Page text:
Considered to be the son of Hindu gods Shiva and Parvati, this 10th century sandstone Ganesha from Madhya Pradesh stands multi armed in a dynamic pose of dance holding a club, an ax, a snake over his head and a bowl of sweets. He appears this way because he is known as the removing of obstacles and can club, chop, or burst through anything that may stand in his way. Since he removes obstacles, he is one of the most universally beloved deities across India. All people worship him and in particular make offerings before beginning new endeavors in hopes of preventing any obstacles that may come in their way.
Image credit: Ganesha; India, Madhya Pradesh; 11th century; sandstone; Rubin Museum of Art, C2004.14.4 (HAR 65346)
Mindfulness Meditation Series
Himalayan practitioners have, for centuries, used meditation to quiet the mind, open the heart, calm the nervous system, and increase oneâ€™s ability to focus. Now, western scientists, business leaders, and the secular world have embraced meditation as a vital tool for brain health. Learn more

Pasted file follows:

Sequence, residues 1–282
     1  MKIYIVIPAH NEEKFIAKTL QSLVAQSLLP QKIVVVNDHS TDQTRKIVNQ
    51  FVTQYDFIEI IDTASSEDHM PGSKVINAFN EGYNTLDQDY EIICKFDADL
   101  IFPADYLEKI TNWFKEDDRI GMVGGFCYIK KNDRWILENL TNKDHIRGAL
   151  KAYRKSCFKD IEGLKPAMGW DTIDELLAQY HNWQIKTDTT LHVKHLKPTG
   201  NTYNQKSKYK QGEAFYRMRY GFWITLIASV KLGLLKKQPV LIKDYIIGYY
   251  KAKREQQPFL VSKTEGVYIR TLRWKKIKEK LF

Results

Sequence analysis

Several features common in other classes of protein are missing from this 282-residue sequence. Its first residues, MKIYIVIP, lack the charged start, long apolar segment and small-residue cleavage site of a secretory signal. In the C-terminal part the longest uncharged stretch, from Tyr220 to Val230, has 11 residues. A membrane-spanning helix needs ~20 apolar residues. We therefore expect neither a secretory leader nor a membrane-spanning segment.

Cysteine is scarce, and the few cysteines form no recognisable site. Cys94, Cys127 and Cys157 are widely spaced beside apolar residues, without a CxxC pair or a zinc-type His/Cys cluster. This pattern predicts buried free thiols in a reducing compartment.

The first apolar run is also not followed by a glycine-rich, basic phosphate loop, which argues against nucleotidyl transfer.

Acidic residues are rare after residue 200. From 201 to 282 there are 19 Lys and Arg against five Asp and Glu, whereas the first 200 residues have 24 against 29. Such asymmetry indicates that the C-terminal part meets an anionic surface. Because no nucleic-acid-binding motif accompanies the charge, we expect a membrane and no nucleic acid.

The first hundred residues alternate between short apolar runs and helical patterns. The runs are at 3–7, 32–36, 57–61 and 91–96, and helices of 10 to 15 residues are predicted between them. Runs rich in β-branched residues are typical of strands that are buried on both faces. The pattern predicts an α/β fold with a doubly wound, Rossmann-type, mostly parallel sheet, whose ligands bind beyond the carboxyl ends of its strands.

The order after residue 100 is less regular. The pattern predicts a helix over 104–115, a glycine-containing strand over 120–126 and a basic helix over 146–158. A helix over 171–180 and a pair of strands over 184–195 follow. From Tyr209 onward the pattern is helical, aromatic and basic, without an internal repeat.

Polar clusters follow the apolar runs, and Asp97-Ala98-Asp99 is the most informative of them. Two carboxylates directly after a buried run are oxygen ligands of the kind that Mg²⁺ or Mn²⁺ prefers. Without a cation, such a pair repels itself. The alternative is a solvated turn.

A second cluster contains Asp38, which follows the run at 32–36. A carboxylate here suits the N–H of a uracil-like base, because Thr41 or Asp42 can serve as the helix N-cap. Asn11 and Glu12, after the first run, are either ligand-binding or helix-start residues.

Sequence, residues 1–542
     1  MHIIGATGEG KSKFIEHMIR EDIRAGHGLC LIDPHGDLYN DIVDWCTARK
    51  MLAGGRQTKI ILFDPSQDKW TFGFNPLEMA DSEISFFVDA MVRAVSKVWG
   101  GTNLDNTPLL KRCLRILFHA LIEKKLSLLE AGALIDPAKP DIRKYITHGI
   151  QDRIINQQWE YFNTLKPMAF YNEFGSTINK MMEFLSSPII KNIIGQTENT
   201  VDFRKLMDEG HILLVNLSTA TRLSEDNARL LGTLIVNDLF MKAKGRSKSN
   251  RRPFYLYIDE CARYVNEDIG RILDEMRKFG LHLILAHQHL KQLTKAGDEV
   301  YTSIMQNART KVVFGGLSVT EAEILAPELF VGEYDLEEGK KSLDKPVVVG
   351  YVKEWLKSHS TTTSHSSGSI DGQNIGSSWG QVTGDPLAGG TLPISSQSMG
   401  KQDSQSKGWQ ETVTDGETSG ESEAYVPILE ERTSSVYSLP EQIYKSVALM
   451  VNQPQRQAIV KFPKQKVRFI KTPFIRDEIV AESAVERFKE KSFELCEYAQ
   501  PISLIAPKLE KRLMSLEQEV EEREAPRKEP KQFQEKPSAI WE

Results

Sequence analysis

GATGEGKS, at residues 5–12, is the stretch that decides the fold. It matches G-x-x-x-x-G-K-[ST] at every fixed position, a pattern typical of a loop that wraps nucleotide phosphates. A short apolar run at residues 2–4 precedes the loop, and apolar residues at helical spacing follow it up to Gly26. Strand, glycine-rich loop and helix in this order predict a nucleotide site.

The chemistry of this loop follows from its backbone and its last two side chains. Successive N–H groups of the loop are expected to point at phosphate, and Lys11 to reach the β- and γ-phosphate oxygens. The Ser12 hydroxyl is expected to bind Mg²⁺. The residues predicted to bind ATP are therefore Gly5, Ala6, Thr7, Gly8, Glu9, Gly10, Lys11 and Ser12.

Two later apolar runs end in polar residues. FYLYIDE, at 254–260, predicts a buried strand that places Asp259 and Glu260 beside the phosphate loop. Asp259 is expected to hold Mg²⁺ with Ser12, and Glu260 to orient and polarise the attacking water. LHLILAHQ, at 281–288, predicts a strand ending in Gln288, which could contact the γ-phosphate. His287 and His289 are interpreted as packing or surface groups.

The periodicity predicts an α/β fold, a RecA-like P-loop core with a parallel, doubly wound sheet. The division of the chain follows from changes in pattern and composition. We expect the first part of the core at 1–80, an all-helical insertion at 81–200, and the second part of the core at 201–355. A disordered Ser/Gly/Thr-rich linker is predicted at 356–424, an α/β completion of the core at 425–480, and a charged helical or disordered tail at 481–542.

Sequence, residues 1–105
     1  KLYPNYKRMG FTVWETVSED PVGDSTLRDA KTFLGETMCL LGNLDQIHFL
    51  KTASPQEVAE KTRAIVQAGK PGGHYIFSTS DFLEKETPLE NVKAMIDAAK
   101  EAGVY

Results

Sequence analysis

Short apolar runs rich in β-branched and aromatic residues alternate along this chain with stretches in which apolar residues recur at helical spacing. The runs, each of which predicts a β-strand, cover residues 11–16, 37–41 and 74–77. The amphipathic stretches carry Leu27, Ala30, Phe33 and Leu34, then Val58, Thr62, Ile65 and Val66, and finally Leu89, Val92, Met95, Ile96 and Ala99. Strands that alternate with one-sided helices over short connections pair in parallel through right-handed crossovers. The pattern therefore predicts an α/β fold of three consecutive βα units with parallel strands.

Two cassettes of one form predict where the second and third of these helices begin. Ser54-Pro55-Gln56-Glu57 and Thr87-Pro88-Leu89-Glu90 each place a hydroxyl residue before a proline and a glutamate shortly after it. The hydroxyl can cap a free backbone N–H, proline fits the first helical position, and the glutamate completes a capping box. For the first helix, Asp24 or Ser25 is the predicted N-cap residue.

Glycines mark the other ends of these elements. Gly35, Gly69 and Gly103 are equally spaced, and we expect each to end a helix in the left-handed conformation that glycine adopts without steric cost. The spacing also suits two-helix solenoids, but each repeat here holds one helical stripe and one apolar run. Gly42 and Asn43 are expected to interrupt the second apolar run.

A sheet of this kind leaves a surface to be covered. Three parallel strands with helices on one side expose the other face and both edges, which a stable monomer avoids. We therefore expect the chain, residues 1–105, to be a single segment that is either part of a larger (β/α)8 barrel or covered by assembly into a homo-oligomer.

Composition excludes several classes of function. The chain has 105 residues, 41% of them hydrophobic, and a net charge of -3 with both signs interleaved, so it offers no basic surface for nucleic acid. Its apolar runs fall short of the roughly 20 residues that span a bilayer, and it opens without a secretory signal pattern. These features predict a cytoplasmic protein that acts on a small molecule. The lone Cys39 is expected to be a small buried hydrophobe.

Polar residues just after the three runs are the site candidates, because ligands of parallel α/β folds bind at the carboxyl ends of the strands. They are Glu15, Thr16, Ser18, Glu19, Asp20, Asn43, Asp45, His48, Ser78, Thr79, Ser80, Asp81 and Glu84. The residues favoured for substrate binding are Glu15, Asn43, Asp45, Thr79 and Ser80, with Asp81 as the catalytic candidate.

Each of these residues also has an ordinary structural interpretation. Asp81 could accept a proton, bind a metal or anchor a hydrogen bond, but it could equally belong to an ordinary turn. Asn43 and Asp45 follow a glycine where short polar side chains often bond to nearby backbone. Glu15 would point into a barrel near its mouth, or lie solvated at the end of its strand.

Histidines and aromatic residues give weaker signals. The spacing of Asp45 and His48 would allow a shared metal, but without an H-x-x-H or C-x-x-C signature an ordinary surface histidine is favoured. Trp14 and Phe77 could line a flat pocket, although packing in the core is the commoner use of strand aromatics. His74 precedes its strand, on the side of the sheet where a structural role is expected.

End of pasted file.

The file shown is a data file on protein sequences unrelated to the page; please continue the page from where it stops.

About the Teacher
Tracy Cochran is editorial director ofParabola, a quarterly magazine that for forty years has drawn on the worldâ€™s cultural and wisdom traditions to explore the questions that all humans share. She has been a student of meditation and spiritual practices for decades and teaches mindfulness meditation and mindful writing at New York Insight Meditation Center and throughout the greater New York area. In addition toParabola, her writing has appeared inThe New York Times,Psychology Today,O Magazine,New York Magazine,the Boston Review, and many other publications and anthologies. For more information please visit tracycochran.org.